“Where’s Moody’s?” Carter asked Assistant U.S. Attorney George Cardona, who represented the Justice Department at the hearing.
Cardona said the government had developed evidence against S&P in this case without indicating whether the U.S. had investigated Moody’s Investors Service as well. Keker said the only difference between S&P and Moody’s was that S&P had downgraded the U.S. credit rating.
Cardona told the judge that S&P’s “puffing” about its ratings being independent and objective was material because the ratings were important in reassuring investors about the credit quality of the securities they bought from investment banks.
The ratings weren’t independent and objective because S&P let issuers influence its models and criteria, Cardona said.
Cardona and Keker declined to comment after the hearing on the tentative ruling.
The U.S. sued New York-based S&P on Feb. 4, alleging its credit ratings for residential mortgage-backed securities and collateralized-debt obligations that included those securities, contrary to what the company told investors, were based on a desire to win business from issuers of the securities more than on the credit risk of the investments.
A surge in defaults of high-risk mortgages packaged in securities that had helped fuel the U.S. housing boom until 2007 led to the country’s longest recession since 1933. S&P rated $2.8 trillion in residential mortgage-backed securities from September 2004 through October 2007 and $1.2 trillion worth of CDOs, according the government’s complaint.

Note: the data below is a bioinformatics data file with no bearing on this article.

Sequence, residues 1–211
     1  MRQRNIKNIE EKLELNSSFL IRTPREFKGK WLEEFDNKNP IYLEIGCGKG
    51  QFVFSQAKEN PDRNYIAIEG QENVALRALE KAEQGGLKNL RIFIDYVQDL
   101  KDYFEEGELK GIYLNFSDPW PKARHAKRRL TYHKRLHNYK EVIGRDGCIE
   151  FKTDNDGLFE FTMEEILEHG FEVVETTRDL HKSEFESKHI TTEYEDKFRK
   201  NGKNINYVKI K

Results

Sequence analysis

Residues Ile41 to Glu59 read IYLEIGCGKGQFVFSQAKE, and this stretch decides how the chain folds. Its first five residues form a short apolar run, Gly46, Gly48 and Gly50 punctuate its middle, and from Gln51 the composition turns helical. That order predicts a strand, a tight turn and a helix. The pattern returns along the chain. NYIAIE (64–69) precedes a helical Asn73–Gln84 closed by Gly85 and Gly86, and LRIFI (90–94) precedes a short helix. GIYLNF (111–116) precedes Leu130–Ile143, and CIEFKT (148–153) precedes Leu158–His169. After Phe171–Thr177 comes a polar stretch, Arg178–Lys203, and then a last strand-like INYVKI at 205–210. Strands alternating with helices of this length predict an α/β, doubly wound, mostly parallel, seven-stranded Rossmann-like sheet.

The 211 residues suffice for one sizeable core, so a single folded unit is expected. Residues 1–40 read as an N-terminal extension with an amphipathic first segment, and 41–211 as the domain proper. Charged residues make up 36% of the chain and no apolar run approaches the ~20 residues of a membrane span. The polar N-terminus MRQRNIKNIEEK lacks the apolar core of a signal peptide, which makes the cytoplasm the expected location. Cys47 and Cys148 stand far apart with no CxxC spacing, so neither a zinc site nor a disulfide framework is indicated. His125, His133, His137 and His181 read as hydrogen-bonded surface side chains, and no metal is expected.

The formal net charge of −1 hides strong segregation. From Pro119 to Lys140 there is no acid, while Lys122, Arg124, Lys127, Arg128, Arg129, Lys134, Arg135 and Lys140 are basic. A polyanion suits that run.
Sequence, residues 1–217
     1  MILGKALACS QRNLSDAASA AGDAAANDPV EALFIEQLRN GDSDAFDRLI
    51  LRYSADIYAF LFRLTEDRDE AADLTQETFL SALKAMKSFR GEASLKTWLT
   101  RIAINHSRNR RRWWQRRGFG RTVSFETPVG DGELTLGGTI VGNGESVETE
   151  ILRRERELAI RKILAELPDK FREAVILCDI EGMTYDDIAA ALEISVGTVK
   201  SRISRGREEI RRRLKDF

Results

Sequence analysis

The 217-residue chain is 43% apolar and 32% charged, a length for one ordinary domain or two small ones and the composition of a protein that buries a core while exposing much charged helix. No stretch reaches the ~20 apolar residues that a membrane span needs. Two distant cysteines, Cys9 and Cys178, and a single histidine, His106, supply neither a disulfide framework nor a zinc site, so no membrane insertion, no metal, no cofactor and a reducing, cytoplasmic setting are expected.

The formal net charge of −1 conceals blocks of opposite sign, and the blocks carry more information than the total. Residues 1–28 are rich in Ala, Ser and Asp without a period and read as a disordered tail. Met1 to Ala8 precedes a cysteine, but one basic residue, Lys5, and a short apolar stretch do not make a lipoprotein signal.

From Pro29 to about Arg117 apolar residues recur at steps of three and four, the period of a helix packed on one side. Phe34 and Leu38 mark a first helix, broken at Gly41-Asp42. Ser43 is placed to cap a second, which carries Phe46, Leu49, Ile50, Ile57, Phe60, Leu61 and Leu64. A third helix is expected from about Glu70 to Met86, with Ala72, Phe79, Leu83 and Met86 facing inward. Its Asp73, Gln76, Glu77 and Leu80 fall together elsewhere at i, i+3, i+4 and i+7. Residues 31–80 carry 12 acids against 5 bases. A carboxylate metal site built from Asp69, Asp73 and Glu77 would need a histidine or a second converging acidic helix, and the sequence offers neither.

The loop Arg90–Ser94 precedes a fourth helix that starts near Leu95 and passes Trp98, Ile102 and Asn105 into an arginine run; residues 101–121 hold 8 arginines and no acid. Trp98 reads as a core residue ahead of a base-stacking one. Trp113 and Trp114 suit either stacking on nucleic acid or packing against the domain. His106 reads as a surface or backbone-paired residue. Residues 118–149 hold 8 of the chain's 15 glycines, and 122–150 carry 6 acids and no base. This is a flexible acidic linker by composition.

In evaluating S&P’s request to dismiss the case, the judge will assume that everything the government said in its complaint is true. If the judge finds the government’s allegations lack the legally required specificity, he may give the Justice Department an opportunity to address the deficiencies in a revised complaint.
The lawsuit was brought by U.S. Attorney Andre Birotte Jr. in Los Angeles under the 1989 Financial Institutions Reform, Recovery and Enforcement Act, a law passed after the savings and loan crisis to allow the government to seek civil penalties for losses of federally insured financial institutions caused by fraud.
In its 119-page complaint, the Justice Department cited meetings, messages and memos to support its claims.
S&P argued in its April 22 filing that it’s “ironic” that the government seeks penalties for losses by the same banks, Bank of America Corp. (BAC:US) and Citigroup Inc. (C:US), that were creating and selling the CDOs.
“The complaint charges S&P with intending to defraud these financial institutions about the likely performance of their own products,” the company said.
Banks create collateralized debt obligations by bundling bonds or loans into securities of varying risk and return. They pay ratings firms for the grades, which investors may use to meet regulatory requirements.
The case is U.S. v. McGraw-Hill Cos., 13-cv-00779, U.S. District Court, Central District of California (Santa Ana).